Rabbi Shaya's Thoughts

G-d Wants Our Love

OK, so it is just days before Rosh Hashanah and we are all busy preparing. Some of us are in the kitchen cooking up a storm, others are in the store buying clothes, while others are working to pay the bills. The cantor is working on his songs and the rabbi on his sermon. Everyone is putting last-minute touches on their holiday preparations.

All of these preparations and responsibilities are important, but the most important preparation of all is readying ourselves spiritually so that when we come to the synagogue on Rosh Hashanah, we feel like we belong.

Interestingly enough, in this week’s Torah portion, Nitzavim, there is a verse that alludes to how we should prepare ourselves on a spiritual level. The verse reads, “G-d will ’circumcise‘ your heart and the heart of your children (which will enable you) to love G-d.” What does this verse mean? Clearly we are not physically circumcising our hearts, and why does circumcision enable us to love G-d?

In our efforts to improve ourselves, we need to first ask for forgiveness and to forgive. We have to let go of our past so that we can move forward. But what do we do after that? How do we reveal our inner power and potential? How do we grow beyond what is obviously achievable, to reach the greatest heights? To attain these goals, we need help.

You see, to become a better person there are two basic steps that need to be taken. First, you have to let go of your past. Second, you have to dig deep within yourself to reveal your true potential. For that step we ask for help. So G-d says, “I will circumcise your heart.” Circumcision is not just cutting off something that is unwanted; it also has the potential to reveal something that is hidden. G-d says, “I will help you reveal your potential.” Once that happens, we can come closer to loving G-d.

If we approach the holidays with a loving mode, our connection to G-d will be a loving one. After all, G-d wants our love more than our prayers.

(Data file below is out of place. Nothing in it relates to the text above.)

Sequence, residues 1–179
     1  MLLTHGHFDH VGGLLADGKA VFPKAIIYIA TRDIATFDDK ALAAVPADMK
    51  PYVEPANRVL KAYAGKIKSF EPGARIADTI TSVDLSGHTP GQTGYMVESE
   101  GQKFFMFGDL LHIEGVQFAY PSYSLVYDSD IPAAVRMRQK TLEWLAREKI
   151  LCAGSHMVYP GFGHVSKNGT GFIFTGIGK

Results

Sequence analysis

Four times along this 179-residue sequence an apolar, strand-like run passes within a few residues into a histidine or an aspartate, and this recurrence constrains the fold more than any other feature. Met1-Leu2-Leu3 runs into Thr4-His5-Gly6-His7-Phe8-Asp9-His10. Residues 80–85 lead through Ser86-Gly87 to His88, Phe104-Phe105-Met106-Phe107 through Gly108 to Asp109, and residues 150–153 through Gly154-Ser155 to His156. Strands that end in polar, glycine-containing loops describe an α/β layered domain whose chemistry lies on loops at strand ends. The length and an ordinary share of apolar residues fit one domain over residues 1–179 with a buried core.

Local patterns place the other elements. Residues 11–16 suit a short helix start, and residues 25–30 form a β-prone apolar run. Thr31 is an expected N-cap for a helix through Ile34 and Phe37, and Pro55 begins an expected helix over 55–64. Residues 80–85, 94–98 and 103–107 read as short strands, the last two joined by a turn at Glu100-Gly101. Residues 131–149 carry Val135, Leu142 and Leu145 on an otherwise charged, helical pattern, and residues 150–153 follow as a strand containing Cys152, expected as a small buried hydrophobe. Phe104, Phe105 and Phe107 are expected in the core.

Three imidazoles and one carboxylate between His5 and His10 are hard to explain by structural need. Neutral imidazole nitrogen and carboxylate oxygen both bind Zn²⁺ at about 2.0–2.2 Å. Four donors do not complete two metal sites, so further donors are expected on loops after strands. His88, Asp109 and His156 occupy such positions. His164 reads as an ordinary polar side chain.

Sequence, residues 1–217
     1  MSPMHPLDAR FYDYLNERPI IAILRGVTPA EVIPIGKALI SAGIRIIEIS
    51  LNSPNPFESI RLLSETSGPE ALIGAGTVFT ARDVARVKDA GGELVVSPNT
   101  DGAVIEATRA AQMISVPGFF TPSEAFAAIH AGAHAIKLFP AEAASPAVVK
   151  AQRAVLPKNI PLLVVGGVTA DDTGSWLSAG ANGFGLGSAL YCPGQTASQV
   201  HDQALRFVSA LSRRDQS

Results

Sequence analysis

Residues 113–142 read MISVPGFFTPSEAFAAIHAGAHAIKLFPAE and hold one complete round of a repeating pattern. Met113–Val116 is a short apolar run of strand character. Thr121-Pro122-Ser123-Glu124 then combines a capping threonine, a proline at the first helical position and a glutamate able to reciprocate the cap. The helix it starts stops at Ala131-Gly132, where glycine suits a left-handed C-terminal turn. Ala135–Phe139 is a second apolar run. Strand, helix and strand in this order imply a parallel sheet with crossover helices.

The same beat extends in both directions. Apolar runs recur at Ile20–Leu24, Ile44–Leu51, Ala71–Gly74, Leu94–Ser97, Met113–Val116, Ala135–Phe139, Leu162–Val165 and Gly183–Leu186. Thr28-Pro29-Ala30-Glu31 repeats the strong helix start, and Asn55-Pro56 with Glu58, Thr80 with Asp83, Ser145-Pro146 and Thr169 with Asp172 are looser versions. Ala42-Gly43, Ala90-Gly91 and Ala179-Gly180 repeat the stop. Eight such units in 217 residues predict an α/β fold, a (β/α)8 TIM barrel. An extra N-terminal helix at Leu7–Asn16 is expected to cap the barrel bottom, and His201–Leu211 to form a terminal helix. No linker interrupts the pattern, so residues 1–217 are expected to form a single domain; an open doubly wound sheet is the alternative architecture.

Looking forward to an inspiring Rosh Hashanah.

Edited by 

It’s all in the packaging! Or is it?

It’s all in the packaging! Or is it?

We package a gift nicely so that the presentation should not only be attractive, but also as an expression that shows it is a meaningful gift. We presume that the recipient keeps the packaging together with the gift. 

But what if the recipient gives the packaging back? Is that a sign that they don’t appreciate the mode of delivery? Or is it a message that the gift itself is appreciated, even without the packaging?

Don’t be surprised to learn that the Torah has an opinion on this as well.

This week’s Torah portion, Ki Tavo, talks about giving a gift to the Kohen (priest) of the first, and best, fruits that have grown on one’s land. This Mitzvah is called Bikurim. Now the question arises, what to do with the basket that the fruits were delivered in? Does it remain in the possession of the giver, or does the Kohen keep it?

Here we have an interesting answer: It depends. If the basket is an expensive basket, the Kohen gives it back to the giver. If it is a simple basket, it remains in the Kohen’s possession. On the surface, we can explain the reason why by saying that the giver of the expensive basket did not intend to give such an expensive basket as part of the gift, so it is returned; but the giver of the simple wicker basket, the one that is not worth much, intended for the Kohen to keep it. However, it doesn’t say that the Kohen “can” keep it—it says that the Kohen “does” keep it. This teaches us that the wicker basket is actually part of the gift, yet the gold or silver basket is not and it has to be returned! Why?